When we say the Astrodome is crumbling, we mean that literally. Chunks of the building are falling off. It has been deemed unsafe for occupation.

When we say the Astrodome is crumbling, we mean that literally. Chunks of the building are falling off. It has been deemed unsafe for occupation.

Astroturf, you may know, was named for the Astrodome, and this is one of the last places on earth you can still find it.

Astroturf, you may know, was named for the Astrodome, and this is one of the last places on earth you can still find it.

This is the door to a dark room. You know, where they develop film on site. Remember film?

This is the door to a dark room. You know, where they develop film on site. Remember film? One older member of the media said he and somebody else used to come back here for a seventh-inning toke. I couldn't tell if he was 100 percent serious, but this was the 60s and 70s we're talking about.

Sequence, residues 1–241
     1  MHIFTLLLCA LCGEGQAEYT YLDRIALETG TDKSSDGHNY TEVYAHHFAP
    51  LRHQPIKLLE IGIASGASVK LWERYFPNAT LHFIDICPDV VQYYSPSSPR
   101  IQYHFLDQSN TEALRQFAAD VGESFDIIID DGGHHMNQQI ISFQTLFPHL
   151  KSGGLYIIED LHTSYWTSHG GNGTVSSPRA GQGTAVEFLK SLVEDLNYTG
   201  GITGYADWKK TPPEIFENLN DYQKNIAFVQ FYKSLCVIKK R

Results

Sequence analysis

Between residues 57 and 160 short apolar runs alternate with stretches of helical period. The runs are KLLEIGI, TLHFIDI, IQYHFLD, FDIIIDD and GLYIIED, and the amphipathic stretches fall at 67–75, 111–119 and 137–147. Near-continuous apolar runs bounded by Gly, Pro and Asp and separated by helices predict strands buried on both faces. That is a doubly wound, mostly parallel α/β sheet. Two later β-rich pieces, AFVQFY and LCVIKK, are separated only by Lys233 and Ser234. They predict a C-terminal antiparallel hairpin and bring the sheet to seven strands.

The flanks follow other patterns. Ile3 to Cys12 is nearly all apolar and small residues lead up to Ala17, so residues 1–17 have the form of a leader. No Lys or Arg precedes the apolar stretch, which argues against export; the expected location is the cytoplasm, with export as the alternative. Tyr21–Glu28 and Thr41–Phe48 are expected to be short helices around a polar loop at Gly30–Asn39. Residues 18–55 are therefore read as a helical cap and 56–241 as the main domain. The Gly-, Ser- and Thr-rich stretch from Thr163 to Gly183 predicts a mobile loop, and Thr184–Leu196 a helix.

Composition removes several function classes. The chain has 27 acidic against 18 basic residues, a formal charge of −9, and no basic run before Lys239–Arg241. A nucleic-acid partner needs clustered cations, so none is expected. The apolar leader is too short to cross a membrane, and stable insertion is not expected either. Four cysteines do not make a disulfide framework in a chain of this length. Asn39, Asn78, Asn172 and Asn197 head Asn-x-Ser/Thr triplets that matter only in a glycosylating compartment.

The press box was actually not that dissimilar from the press box at Minute Maid Park. Older TVs. Otherwise, a press box is a press box is a press box. Except for the one at TCU. Man, that thing is garbage.

The press box was actually not that dissimilar from the press box at Minute Maid Park. Older TVs. Otherwise, a press box is a press box is a press box. Except for the one at TCU. Man, that thing is garbage.

"Welcome to The Show," it says.

"Welcome to The Show," it says.

Just one example of how so many things in the dome are stuck in a very specific period.

Just one example of how so many things in the dome are stuck in a very specific period.

I didn't ask, but those looked like they probably still worked.

I didn't ask, but those looked like they probably still worked.